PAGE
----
In America we call them “Roadside Attractions” – the enticing wonders that dot country highways. Advertising sensational things like 20 foot long alligator mummies or the world’s biggest dollhouse, these sights are usually good for a laugh, a rest stop, and an ice cream before heading back on the road. Mostly they are quirky, kitschy tourist stops, but occasionally you find a gem. I’ve come to realize that these places are not limited to the US. Here’s the story of one such incredible find in Israel, a figuratively and literally miraculous place.
Posts tagged ‘Greece’
In the heart of ancient Corinth, between the extensive market and the main road to the sea, there was an Imperial Roman monument that was designed to be unforgettable. The Prisoner’s Facade was constructed by Septimius Severus (145-211 CE) to celebrate his victory over the Parthians. The elaborate two-story tapestry in marble depicted vanquished, captured soldiers and the victorious Roman army. Perhaps the boldest element of the prisoner facade were four sculptural columns that each included a statue of a docile, captured youth in oriental costumes.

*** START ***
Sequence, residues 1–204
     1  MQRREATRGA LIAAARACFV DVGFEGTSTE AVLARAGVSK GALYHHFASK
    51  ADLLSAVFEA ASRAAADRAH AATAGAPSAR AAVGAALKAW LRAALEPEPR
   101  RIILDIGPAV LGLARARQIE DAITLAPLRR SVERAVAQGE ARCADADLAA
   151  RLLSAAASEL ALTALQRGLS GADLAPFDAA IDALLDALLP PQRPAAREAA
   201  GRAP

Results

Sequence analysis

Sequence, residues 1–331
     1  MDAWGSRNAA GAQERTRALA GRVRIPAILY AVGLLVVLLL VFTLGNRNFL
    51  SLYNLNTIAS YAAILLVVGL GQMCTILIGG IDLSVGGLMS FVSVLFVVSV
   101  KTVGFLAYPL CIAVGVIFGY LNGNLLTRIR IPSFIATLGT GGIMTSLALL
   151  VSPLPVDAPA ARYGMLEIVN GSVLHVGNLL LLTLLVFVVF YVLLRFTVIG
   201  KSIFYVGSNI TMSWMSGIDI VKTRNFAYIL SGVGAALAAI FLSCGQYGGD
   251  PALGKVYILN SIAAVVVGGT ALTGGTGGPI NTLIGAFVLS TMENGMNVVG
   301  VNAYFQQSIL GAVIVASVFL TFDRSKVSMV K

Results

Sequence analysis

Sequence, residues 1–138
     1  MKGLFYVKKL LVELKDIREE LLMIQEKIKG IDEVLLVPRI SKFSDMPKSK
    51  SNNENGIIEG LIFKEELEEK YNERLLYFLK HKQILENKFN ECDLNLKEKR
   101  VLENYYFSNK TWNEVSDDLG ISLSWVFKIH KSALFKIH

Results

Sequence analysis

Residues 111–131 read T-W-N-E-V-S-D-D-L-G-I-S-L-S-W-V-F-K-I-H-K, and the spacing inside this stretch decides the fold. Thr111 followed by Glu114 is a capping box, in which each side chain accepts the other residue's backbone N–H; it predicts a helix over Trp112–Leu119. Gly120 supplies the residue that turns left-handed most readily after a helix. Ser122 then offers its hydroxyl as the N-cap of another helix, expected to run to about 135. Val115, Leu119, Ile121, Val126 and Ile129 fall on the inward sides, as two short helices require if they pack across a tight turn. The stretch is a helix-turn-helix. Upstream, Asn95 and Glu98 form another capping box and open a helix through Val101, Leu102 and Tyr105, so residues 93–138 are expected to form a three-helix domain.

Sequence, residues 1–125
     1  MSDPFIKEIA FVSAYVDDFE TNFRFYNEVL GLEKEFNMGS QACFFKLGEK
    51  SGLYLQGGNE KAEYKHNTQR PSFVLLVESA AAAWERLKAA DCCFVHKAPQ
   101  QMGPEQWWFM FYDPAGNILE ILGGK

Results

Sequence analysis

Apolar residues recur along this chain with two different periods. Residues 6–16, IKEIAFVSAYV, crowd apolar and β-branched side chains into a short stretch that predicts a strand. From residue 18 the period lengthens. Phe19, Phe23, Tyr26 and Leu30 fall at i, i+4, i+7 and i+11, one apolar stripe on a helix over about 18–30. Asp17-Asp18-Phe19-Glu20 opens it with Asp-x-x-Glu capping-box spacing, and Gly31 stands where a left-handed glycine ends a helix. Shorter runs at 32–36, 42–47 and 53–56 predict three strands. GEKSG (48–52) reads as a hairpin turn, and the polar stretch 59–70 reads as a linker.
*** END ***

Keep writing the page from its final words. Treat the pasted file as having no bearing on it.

This exotic sculpture and fantastic architecture was typical of Corinth – the Roman capital of the Greek province. Lively, international, and wealthy, ancient Corinth figures into Greek, Roman, and early Christian history. While today there are only neglected embers of its former glory, you can still picture the excitement of ancient Corinth in the expansive but slumbering ruins and in the unique museum pieces like this beautiful column of a captured man.
Secluded on Mt. Helicon in Greece, just south of Delphi, is the Monastery of Hosios Loukas (Holy Luke). A triumph of Byzantine art and architecture, it is no surprise that this church is a UNESCO World Heritage site. Decorated with a combination of mosaics and frescoes, I made certain to stop at this church. While its difficult to capture the feeling of being in such an amazing place, hopefully the images and music in this post will help transport you that beautiful place of marble and holy Byzantine faces.
Touring the Peloponnese is a lot of work. Don’t get me wrong, the towns and countryside are gorgeous. Its just that you just have to cover a lot of ground and move from hotel to hotel. That’s why I’m glad I tweaked my planning a little bit to spent a few days in Nafplio. Its close to several major archaeological sites for day-tripping and is a fantastic, relaxing sea-side escape in its own right. Nafplio is the kind of place you look for when traveling!
It always amazes me to see historic jewelry in museums. I’ve just assumed items so valuable and fragile would not have survived the centuries, but then there they are, neatly lined up in the display cases. Once again proving that everything old is new again, there’s a lot of ancient jewelry that I’d wear today. Here are some of personal favorites!